Shawn Maxwell: J Town Suite
Shawn Maxwell

Saxophonist Shawn Maxwell is hardly the only composer to have drawn inspiration from his hometown, Springsteen the perhaps quintessential example; he’s probably the first, however, to have built an entire album around Joliet. Located southwest of Chicago, Illinois’ third largest city is where Maxwell was born, where he went to high school, took his first music lessons, and attended Joliet Junior College, and where his countless experiences proved invaluable as imaginative fodder for the making of his twelfth album.

J Town Suite is no one-dimensional idyllic vision, however: like David Lynch’s Lumberton, Joliet has a dark underside, as evidenced by the presence of a now-closed penitentiary and the gang fights that Maxwell sometimes witnessed. As gritty as it is, Joliet is, for him, still home, and like the unwavering love a parent has for a trouble-making child, the affection Maxwell has for the rough and in places downtrodden locale is strong. After all, without it, he wouldn’t be who he is now. While the album wasn’t recorded at Joliet, it was laid down nearby at Electrical Audio in Chicago.

Each of the nine tracks has a fascinating backstory that’s fleshed out in Neil Tesser’s helpful liner notes. But the recording hold ups perfectly well as a pure musical statement stripped of supplemental content, especially when the material is stylistically varied and the writing packed with oblique melodies, minor-key modes, and skewed rhythms. The foundation’s jazz, yes, but hints of funk and rock surface too. Still, no matter how different one composition is from another, the set’s held together by the Joliet concept.

That Maxwell’s honed his writing over many albums is shown by the confidence of the writing. It helps too that he’s ably supported by keyboardist Collin Clauson, electric bassist Michael Barton, and drummer Greg Essig on the date. Maxwell himself is a versatile player as comfortable wielding alto and soprano saxophones as flute. The performances bear the leader’s signature in the compositions and the quartet’s in its performances. Much of this tight band’s identity stems from the coupling of Clauson’s Fender Rhodes, Barton’s throb, and Essig’s expert stickwork with the leader’s woodwinds.

To start, Maxwell takes us to Joliet Central High with the oft-funky “Steelmen March,” Steelman the name of its sports mascot and “March of the Steel Men” its pep song. Consistent with that, the piece is animated by an enticingly slinky march groove and a pied piper-ish alto sax figure you might find yourself humming long after the tune’s over. Don’t be surprised either if its freewheeling Fender Rhodes-and-drums episode conjures the image of Chick Corea and Tony Williams laying it down on In a Silent Way (not the only time that happens on the release, by the way).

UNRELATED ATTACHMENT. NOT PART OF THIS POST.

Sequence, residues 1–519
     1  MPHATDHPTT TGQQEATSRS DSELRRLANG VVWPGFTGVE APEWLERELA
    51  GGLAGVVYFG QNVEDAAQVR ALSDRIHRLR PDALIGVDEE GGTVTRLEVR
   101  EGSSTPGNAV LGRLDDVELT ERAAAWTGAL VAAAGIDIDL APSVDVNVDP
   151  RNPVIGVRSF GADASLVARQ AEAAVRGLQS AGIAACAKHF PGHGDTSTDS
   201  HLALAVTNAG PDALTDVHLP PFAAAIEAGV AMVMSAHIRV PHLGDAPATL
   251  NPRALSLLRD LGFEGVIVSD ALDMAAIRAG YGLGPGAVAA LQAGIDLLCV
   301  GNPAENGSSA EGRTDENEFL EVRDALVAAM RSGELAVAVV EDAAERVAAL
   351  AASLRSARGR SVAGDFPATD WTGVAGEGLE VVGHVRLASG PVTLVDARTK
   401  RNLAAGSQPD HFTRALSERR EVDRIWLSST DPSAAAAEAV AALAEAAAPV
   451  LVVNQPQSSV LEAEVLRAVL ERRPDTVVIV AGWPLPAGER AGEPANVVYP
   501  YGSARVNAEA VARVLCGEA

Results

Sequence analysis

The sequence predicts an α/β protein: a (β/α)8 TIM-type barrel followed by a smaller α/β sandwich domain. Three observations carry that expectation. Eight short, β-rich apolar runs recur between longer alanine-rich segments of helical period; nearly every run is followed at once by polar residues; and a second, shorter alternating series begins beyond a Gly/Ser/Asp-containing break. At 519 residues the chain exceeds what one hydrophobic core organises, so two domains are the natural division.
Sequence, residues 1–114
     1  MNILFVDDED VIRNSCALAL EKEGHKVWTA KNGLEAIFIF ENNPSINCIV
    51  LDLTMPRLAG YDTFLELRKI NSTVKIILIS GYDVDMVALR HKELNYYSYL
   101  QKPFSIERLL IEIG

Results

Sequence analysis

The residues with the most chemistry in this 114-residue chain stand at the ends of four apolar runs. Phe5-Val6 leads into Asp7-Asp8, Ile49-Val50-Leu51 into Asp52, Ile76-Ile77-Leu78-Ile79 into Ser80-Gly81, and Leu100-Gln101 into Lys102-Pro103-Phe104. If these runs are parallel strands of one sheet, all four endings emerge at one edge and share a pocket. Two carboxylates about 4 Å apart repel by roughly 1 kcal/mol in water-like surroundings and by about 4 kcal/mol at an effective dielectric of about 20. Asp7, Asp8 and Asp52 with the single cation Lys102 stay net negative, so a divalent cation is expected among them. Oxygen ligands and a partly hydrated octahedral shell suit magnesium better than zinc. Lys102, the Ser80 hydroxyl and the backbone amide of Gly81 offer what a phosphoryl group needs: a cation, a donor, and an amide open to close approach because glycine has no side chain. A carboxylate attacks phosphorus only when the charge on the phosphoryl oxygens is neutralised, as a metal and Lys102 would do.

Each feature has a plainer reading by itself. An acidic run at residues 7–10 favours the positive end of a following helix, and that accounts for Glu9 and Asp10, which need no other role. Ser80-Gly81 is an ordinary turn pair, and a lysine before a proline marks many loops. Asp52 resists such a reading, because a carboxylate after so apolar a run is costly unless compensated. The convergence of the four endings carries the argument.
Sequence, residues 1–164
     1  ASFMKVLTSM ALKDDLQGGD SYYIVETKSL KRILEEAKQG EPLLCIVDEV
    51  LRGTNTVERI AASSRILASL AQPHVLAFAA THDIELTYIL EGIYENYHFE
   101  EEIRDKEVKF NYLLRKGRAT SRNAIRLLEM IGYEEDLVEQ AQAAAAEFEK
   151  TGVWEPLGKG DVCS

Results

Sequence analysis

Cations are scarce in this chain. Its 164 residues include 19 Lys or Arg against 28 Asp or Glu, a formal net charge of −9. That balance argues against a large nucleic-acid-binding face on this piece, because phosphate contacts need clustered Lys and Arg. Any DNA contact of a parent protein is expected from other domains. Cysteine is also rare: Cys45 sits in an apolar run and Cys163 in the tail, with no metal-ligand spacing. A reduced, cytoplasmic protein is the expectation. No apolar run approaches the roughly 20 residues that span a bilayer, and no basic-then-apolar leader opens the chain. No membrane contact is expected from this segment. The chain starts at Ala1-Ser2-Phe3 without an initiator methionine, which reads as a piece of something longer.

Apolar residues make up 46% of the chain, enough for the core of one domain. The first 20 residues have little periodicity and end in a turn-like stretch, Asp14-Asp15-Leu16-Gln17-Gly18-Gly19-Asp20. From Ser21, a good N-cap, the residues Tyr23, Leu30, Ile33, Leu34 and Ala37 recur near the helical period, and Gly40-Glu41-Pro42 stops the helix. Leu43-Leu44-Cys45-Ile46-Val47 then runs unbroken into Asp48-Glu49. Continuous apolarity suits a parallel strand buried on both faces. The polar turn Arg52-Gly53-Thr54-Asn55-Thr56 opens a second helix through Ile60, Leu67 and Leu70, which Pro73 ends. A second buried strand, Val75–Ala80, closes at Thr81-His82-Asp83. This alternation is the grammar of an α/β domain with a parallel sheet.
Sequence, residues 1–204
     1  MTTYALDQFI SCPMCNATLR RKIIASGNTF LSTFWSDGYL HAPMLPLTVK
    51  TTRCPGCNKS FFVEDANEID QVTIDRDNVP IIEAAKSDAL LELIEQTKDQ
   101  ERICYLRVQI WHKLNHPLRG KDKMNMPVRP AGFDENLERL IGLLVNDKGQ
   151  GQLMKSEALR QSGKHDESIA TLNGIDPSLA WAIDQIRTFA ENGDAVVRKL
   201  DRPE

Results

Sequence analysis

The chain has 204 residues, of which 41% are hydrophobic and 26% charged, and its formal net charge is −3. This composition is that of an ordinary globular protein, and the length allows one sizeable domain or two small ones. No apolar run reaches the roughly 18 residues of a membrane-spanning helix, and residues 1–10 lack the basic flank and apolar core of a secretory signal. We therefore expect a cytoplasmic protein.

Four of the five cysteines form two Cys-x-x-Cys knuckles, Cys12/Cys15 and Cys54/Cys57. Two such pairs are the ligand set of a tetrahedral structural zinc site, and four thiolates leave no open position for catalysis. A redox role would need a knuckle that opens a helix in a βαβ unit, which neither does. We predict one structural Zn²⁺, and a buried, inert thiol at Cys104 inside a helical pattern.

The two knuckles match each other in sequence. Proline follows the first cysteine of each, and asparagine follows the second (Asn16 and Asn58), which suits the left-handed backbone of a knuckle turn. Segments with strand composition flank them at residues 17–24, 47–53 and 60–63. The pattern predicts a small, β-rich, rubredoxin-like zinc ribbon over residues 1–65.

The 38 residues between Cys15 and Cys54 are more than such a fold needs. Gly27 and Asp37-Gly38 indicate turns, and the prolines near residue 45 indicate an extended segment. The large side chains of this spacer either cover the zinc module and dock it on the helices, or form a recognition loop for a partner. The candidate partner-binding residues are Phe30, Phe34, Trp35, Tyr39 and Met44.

Next stop is the family-owned Joe’s Hot Dogs for “Fries or Rings in the Back,” the query barked by a staff member to new customers joining the growing late-night queue. With Maxwell serving up serpentine soprano lines alongside a brooding backdrop, the lugubrious setting turns out to be considerably more exotic than such background info might suggest. Referencing the city’s newspaper (and Maxwell’s stint as a paper delivery boy), the frenetic “Herald’s News” counters the haunted quality of “Fries or Rings in the Back” with a spirited if brief romp. The maximum-security penitentiary in nearby Crest Hill is the subject of “In the Shadow of Statesville,” with Maxwell’s flute lending the ponderous meditation a deeply reflective tone.

Titled after a local trumpet player who was instrumental in getting Maxwell started on saxophone and familiar with the Chicago-area jazz station WDCB, “Jerry” works its fluid way through buoyant jazz, funk-rock, and downtempo episodes. The album’s funkiest tune is undoubtedly “Hickory Street,” named for where his family lived until he entered fourth grade and sporting an instantly appealing groove and sunny soprano melody. Like many a Rust Belt city, Joliet’s seen its share of collapse, with “Bridge Closed” alluding to a general state of demise and “Ghost Mall on Jefferson” likewise referencing the downturn many an American city’s encountered. In the former, Maxwell’s soprano sax lunges acrobatically across Rhodes-sprinkled terrain; the latter, while slower by comparison, is enlivened by spirited alto declamations.

In fashioning a recording so eclectic and rich in mood, Maxwell’s created an album that accentuates the multi-faceted character of his hometown. As a result, he’s produced a set that makes Joliet, despite the myriad challenges it’s faced, economic and otherwise, seem like not the worst place in the world to be. Think of it as an affectionate yet still honest portrait, as well as one with lots musically to offer.
April 2024

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